EPT12 Prague: Gieles and Dvoress depart as familiar foes rise to the top in Super High Roller

December 10, 2015

Who’d be a chip leader? We often talk of a ‘curse of the chip leader’ although there’s no such thing of course. A more apt word would, perhaps, be expectation. The 2015 poker world knows enough about variance and ICM to understand that the chip leader at the start of the final table isn’t nailed on to win, or even reach the the top three. This is poker, stuff happens.

It’s worth bearing that in mind right now as the overnight chip leader has just been eliminated in seventh place. If might not soften the blow for Luuk Gieles but the Dutchman likely won’t be having nightmares about a big mistake or a misplayed hand or a bad performance as there was simply no getting away from the two big hands he lost. See if you agree.


Luuk Gieles
In the first he raised to 2.5 big blinds with 9♠9♣ and then called Sam Greenwood’s 14 big blind shove. The Canadian held A♥K♦ and hit the A♣2♣7♥Q♠A♦ board to survive.

That dropped Gieles to 1,450,000 (29 big blinds at the time) and he would lose the vast majority of them 12 hands later against Igor Kurganov. Quite frankly he did well to survive the skirmish with any chips. The Dutchman raised from the cutoff and Kurganov smooth called from the big blind. Both players checked the 3♦5♦7♦ flop and on the 8♥ turn Kurganov check called a bet of 240,000 from Gieles.

The Q♦ completed the board and Kurganov fired out a chunky bet of 650,000, Gieles called immediately with K♦K♥ but had run into one of the only hands that could beat him – A♦Q♣. That dropped him down to just over four big blinds and he was eliminated soon after by Thomas Muehloecker.

With the exit of Gieles it left Steve O’Dwyer and Daniel Dvoress as the two sub one million stacks. Both had around 15 big blinds and in quick succession the pair of them would each take a shot at doubling up. Only one would survive. It was O’Dwyer who chanced his arm first, three-bet shoving from the big blind with A♠K♣ after Muehloecker had raised from the small with A♣Q♦. The Austrian called the extra but didn’t connect with the 2♦4♥7♠5♥8♦ board.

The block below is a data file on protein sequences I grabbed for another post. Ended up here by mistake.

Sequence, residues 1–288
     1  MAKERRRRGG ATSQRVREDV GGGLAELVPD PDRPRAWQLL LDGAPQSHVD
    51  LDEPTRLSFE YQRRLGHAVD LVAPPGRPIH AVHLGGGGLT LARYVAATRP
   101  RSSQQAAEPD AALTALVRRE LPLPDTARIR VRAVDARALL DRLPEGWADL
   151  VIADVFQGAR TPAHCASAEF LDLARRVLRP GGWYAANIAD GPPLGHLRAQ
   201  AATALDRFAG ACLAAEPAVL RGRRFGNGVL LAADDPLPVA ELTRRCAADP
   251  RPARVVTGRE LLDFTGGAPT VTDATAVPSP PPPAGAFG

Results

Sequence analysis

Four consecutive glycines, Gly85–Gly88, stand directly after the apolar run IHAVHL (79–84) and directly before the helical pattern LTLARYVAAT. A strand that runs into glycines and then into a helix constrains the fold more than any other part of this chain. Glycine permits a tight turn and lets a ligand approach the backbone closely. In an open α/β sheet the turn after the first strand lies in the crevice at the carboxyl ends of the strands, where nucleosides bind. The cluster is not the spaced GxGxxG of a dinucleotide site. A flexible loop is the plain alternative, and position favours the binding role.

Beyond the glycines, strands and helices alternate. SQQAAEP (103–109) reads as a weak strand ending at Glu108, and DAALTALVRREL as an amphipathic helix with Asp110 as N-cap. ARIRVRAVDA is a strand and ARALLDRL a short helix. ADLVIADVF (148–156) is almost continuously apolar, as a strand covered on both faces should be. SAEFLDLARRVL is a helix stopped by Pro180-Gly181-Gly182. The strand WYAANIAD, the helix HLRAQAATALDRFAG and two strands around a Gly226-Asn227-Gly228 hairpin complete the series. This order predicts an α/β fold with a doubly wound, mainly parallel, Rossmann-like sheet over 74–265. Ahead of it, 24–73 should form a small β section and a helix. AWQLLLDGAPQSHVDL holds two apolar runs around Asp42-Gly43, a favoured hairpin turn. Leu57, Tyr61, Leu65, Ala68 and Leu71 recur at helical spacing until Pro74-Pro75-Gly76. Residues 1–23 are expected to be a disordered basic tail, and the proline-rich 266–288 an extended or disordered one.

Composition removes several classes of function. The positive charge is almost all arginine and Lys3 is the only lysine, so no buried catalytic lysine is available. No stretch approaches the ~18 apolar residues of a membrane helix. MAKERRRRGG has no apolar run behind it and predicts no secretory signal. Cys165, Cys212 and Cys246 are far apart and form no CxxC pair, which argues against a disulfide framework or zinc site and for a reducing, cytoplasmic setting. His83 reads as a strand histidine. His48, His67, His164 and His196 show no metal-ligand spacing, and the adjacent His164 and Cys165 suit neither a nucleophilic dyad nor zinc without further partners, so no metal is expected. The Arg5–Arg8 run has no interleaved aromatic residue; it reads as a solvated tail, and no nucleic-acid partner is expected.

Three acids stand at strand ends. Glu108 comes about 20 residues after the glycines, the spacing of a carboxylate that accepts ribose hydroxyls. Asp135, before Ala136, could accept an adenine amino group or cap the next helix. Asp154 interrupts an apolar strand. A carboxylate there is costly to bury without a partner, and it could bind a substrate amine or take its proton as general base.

Around 10 hands later the action folded to Sam Greenwood in the small blind, he set Dvoress in for about 12.5 big blinds and the latter called right away and showed A♥10♥. He could reasonably have expected to be ahead of Greenwood’s range but his fellow Canadian had him crushed with pocket aces and although Dvoress turned a ten, there was no miracle two outer on the river.


Dvoress – sixth
The five remaining players are now guaranteed €220,500 and couple of familiar names have force their way to the top. Back in May, at the EPT Grand Final, Dzmitry Urbanovich and Igor Kurganov both final tabled the €100,000 Super High Roller (as did Muehloecker). On that occasion Urbanovich eliminated both Kurganov and Muehloecker on his way to finishing second to Erik Seidel.

He’s currently bossing proceedings again and indeed Urbanovich and Kurganov own almost 68% of the chips in play and have separated themselves from O’Dwyer, Greenwood and Muehloecker. Blinds have just ticked up to 40,000/80,000 ante 10,000.

Name Country Chips
Dzmitry Urbanovich Poland 5,225,000
Igor Kurganov Russia 4,300,000
Steve O’Dwyer Ireland 1,920,000
Sam Greenwood Canada 1,680,000
Thomas Muehloecker Austria 940,000


Look who’s chip leader
You’ll find hand by hand coverage of the Super High Roller final table in the panel at the top here. It’s also the final table of the Eureka Main Event today, follow that here and learn more about the final table participants by clicking right here.

The EPT Main Event has begun, follow coverage of that one here, and all the schedule information is on the EPT App, which is available on both Android or IOS.


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